The ABA may under proposed section 121FH write to a person directing them to cease conducting an international broadcasting service. A person who fails to comply with such a request is punishable by a fine of 20,000 penalty units. As with proposed section 121FG, each day that the section is breached constitutes a separate offence.

IBS licensees who intentionally breach a condition may be fined 2,000 penalty units ($220,000) under section 121FJ

Proposed section 121FK empowers the ABA to cancel the licence of broadcaster who has not commenced a service within two years of receiving a licence. In the event that the ABA decides on this course of action, natural justice must be afforded to the licensee in the form of an opportunity to make representations to the ABA. A decision of the ABA to cancel a licence is subject to review by the AAT under the amendments proposed by item 23.

If the ABA cancels a licence it must notify the Australian Communications Authority (ACA). The Bill also amends the Radiocommunications Act 1992 which is administered by the Australian Communications Authority. Item 29 providers that the ACA must not issue a transmitter licence for an international broadcasting service unless the company has a licence. In addition, the ACA must cancel a transmitter licence held by companies who have surrendered their international broadcasting licence or have had their licence cancelled (item 34).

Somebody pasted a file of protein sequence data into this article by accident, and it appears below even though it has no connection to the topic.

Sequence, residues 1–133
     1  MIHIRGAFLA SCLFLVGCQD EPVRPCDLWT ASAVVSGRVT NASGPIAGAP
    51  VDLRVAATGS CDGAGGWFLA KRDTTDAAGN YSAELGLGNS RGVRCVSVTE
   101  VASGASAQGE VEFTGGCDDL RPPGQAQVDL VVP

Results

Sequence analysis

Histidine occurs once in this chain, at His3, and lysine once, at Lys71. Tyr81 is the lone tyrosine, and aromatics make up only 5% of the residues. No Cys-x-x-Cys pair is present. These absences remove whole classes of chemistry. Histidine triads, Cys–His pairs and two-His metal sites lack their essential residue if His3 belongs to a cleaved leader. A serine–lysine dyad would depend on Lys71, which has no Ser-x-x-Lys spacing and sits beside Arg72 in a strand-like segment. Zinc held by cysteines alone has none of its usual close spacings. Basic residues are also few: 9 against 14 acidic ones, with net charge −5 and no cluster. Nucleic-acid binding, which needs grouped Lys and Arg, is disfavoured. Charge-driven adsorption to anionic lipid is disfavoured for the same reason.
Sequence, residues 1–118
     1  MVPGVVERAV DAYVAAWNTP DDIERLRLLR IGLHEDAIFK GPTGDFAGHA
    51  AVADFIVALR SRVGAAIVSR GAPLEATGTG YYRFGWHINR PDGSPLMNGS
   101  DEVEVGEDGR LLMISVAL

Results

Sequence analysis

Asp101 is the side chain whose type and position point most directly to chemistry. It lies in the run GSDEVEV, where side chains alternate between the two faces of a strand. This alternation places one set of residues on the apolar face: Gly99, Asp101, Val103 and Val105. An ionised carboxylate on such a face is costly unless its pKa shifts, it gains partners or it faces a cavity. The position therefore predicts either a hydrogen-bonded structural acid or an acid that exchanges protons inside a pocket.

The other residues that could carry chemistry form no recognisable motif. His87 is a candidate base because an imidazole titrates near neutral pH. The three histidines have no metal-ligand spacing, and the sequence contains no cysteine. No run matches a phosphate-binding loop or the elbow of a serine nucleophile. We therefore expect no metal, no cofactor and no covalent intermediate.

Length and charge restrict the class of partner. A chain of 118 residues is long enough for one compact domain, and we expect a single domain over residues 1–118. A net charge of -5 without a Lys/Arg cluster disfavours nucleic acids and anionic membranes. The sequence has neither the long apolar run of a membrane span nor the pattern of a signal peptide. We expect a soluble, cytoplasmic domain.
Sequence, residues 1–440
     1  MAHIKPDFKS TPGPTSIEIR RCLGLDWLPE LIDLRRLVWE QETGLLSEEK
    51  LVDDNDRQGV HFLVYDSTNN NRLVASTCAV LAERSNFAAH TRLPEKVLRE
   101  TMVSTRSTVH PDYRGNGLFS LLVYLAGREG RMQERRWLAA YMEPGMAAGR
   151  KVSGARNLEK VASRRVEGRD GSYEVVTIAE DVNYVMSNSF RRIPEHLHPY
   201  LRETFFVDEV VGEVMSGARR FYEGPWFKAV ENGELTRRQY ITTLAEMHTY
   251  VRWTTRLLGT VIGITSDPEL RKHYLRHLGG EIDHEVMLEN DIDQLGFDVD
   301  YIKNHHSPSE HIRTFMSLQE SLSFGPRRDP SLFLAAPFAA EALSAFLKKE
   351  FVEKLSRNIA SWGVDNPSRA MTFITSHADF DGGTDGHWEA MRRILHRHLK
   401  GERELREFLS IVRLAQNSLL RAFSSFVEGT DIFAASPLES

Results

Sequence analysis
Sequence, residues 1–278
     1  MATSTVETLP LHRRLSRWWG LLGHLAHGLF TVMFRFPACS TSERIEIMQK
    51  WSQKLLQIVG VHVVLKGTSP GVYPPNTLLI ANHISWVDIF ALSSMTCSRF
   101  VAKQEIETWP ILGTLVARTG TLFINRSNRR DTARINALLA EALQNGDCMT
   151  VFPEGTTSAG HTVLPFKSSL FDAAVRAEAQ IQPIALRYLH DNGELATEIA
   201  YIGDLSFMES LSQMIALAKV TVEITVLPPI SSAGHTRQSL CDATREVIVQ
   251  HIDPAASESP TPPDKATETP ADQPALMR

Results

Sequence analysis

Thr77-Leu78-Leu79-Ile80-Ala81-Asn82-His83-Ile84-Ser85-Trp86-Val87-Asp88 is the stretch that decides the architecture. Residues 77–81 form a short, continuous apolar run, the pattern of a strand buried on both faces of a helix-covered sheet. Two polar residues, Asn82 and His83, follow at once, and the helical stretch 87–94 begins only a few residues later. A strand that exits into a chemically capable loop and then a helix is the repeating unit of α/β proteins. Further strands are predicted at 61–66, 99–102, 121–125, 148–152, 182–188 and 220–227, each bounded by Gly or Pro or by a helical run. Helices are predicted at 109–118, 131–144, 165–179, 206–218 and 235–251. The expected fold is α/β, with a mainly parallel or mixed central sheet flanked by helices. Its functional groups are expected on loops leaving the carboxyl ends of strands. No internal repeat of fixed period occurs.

Proposed section 121FL gives the Minister for Foreign Affairs a continuing power to take action to protect the national interest in relation to international broadcasting services after a licence has been granted.

If the Minister is of the view that the service is contrary to the national interest, the Minister may direct the ABA to:

  • issue a formal warning to the licensee (proposed subsection 121FL(1)),
  • suspend the licence (proposed subsection 121FL(3)), or
  • cancel the licence (proposed subsection 121FL(5)).

Licensees will be given the opportunity to make a submission to the ABA (and through it to the Minister) when it is proposed that their licence be cancelled (proposed subsection 121FL (6)). However no such opportunity will be accorded where it is proposed that the licence should be suspended despite the fact that such a measure may have serious financial implications for a broadcaster.

In any event, licensees may find it difficult to frame a submission when, as noted above, the Minister will not be required to disclose the reasons why he or she decided to take a particular action.(6)

Proposed sections 121FM and 121FN empower to Minister for Foreign Affairs to seek the assistance of the ABA in exercising his or her powers under the Act. The Minister may direct the ABA to prepare a report about whether a particular licensee complies with the guidelines issued by the ABA(7) and to supply the broadcasting records of a licensee.

The ABA is not responsible for monitoring and investigating complaints about an international broadcasting service unless it falls into another category of service, for example, a commercial broadcasting service, community broadcasting service or a subscription broadcasting service (proposed section 121FR). Under proposed section 11A of the BSA it is possible for a international broadcasting service to fall into another category of broadcasting services. In such a case the broadcaster will be required to met the regulatory requirements for both categories (proposed subsections 12(3)-(6)).